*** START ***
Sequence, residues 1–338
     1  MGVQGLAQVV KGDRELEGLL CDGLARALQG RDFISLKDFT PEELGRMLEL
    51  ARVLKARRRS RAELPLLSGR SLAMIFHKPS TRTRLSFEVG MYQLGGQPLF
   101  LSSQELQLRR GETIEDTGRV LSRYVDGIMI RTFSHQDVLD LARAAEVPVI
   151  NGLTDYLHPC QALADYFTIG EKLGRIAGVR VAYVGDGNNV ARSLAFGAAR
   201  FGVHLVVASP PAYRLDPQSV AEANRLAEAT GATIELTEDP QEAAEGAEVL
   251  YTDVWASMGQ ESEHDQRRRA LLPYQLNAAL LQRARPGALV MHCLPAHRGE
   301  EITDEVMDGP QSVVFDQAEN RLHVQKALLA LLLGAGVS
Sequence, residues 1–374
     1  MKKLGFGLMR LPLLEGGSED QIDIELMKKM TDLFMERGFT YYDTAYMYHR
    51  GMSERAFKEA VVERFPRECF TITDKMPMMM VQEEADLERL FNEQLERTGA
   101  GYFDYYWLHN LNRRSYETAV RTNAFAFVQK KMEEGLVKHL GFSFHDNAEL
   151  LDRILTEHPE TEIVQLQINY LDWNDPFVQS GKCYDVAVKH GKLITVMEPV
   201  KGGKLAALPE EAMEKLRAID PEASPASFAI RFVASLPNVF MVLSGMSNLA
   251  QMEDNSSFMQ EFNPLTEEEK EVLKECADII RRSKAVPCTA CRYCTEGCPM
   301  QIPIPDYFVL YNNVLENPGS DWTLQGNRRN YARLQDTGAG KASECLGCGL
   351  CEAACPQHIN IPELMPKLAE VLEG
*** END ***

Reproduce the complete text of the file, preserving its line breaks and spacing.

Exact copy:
Sequence, residues 1–338
     1  MGVQGLAQVV KGDRELEGLL CDGLARALQG RDFISLKDFT PEELGRMLEL
    51  ARVLKARRRS RAELPLLSGR SLAMIFHKPS TRTRLSFEVG MYQLGGQPLF
   101  LSSQELQLRR GETIEDTGRV LSRYVDGIMI RTFSHQDVLD LARAAEVPVI
   151  NGLTDYLHPC QALADYFTIG EKLGRIAGVR VAYVGDGNNV ARSLAFGAAR
   201  FGVHLVVASP PAYRLDPQSV AEANRLAEAT GATIELTEDP QEAAEGAEVL
   251  YTDVWASMGQ ESEHDQRRRA LLPYQLNAAL LQRARPGALV MHCLPAHRGE
   301  EITDEVMDGP QSVVFDQAEN RLHVQKALLA LLLGAGVS
Sequence, residues 1–374
     1  MKKLGFGLMR LPLLEGGSED QIDIELMKKM TDLFMERGFT YYDTAYMYHR
    51  GMSERAFKEA VVERFPRECF TITDKMPMMM VQEEADLERL FNEQLERTGA
   101  GYFDYYWLHN LNRRSYETAV RTNAFAFVQK KMEEGLVKHL GFSFHDNAEL
   151  LDRILTEHPE TEIVQLQINY LDWNDPFVQS GKCYDVAVKH GKLITVMEPV
   201  KGGKLAALPE EAMEKLRAID PEASPASFAI RFVASLPNVF MVLSGMSNLA
   251  QMEDNSSFMQ EFNPLTEEEK EVLKECADII RRSKAVPCTA CRYCTEGCPM
   301  QIPIPDYFVL YNNVLENPGS DWTLQGNRRN YARLQDTGAG KASECLGCGL
   351  CEAACPQHIN IPELMPKLAE VLEG